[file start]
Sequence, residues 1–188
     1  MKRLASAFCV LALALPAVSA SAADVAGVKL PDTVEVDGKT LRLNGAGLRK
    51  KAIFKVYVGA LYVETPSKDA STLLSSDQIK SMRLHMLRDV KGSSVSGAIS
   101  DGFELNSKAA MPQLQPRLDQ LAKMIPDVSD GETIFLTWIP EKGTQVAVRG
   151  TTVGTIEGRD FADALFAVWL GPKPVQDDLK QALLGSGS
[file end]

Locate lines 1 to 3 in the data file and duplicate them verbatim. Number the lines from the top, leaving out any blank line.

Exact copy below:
Sequence, residues 1–188
     1  MKRLASAFCV LALALPAVSA SAADVAGVKL PDTVEVDGKT LRLNGAGLRK
    51  KAIFKVYVGA LYVETPSKDA STLLSSDQIK SMRLHMLRDV KGSSVSGAIS